This draft guidance, when finalized, will represent the Food and Drug Administration's (FDA's) current thinking on this topic. It does not create or confer any rights for or on any person and does not operate to bind FDA or the public. You can use an alternative approach if the approach satisfies the requirements of the applicable statutes and regulations. If you want to discuss an alternative approach, contact the FDA staff responsible for implementing this guidance. If you cannot identify the appropriate FDA staff, call the appropriate number listed on the title page of this guidance.

FDA has developed this draft guidance document to provide greater clarity for FDA reviewers and industry regarding the factors FDA considers when making benefit-risk determinations during the premarket review process for certain medical devices. FDA believes that the uniform application of the factors listed in this guidance document will improve the predictability, consistency, and transparency of the premarket review process.

FDA's guidance documents, including this one, do not establish legally enforceable responsibilities. Instead, guidance documents describe the Agency's current thinking on a topic and should be viewed only as recommendations, unless specific regulatory or statutory requirements are cited. The use of the word should in Agency guidance documents means that something is suggested or recommended, but not required.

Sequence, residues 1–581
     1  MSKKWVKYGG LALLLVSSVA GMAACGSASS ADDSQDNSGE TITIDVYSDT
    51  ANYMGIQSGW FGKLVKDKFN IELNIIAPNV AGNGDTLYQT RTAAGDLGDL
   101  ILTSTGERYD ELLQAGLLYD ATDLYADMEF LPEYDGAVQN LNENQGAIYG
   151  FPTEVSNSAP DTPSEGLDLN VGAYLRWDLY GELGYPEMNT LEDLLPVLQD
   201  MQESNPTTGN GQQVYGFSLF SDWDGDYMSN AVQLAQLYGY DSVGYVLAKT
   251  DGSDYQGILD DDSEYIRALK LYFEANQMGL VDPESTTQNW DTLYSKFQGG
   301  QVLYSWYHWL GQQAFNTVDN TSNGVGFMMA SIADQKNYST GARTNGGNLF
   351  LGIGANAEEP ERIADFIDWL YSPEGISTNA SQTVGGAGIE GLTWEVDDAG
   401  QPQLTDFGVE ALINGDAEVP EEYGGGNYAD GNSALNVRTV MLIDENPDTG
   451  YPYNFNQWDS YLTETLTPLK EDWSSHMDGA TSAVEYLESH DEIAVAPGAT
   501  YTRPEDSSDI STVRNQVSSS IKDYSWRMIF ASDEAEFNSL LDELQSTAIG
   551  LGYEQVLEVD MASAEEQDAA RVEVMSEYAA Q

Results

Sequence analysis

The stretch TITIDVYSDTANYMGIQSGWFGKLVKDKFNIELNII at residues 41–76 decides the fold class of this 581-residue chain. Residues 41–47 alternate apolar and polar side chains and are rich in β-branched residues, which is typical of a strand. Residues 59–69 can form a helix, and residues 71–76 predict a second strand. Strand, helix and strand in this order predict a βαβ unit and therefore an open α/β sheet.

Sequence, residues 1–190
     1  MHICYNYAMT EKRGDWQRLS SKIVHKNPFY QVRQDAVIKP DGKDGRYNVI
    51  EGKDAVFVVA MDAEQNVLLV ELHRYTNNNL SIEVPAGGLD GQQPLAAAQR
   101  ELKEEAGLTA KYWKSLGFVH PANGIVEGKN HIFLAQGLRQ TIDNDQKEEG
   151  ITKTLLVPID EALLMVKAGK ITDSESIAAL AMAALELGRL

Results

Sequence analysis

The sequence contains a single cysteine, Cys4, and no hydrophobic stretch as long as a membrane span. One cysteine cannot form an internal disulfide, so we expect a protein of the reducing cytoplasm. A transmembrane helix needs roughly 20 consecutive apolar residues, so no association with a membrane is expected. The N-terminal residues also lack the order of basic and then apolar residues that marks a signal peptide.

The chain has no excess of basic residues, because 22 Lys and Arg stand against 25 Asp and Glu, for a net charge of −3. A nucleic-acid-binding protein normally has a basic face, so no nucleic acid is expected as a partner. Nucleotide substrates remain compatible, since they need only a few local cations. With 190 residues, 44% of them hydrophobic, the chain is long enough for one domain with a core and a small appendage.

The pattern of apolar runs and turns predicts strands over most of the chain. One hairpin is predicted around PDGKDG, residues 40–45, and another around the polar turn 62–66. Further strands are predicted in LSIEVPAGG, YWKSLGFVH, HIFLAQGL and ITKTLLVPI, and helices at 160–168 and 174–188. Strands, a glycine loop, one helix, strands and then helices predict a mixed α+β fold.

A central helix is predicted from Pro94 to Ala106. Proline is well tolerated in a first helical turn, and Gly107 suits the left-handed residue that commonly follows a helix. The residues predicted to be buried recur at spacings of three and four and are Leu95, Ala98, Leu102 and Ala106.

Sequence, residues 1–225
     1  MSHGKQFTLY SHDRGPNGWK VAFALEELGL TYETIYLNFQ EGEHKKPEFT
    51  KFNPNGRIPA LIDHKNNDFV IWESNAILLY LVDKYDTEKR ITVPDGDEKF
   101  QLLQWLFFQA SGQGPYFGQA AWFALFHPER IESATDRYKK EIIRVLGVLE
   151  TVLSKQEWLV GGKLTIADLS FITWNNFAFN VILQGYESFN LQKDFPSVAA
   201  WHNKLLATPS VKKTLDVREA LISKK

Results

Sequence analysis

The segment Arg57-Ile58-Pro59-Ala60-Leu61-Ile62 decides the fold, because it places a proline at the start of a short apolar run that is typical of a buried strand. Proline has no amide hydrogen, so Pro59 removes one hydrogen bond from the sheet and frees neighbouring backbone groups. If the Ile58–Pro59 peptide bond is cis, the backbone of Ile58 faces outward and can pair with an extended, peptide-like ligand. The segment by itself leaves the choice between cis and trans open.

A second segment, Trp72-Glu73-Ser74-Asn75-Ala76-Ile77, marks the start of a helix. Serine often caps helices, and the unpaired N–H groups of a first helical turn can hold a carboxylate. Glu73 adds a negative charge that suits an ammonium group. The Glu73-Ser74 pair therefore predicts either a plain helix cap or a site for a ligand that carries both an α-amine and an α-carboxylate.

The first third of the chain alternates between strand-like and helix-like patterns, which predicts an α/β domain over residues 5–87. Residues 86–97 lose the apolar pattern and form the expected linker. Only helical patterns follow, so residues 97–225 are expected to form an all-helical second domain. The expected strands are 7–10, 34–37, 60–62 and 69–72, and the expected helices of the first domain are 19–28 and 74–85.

This guidance document explains the factors that FDA considers when making benefit-risk determinations in the premarket review of certain medical devices. The processes discussed in this guidance are applicable to devices subject to premarket approval (PMA) applications and, in limited cases, devices subject to premarket notification (510(k)) requirements. This guidance applies to both diagnostic devices and therapeutic devices. Although guidance is not binding, the concepts and factors described herein generally capture how benefit-risk determinations are made by FDA during the premarket review process.

3.1 The Statutory Standard for Safety and Effectiveness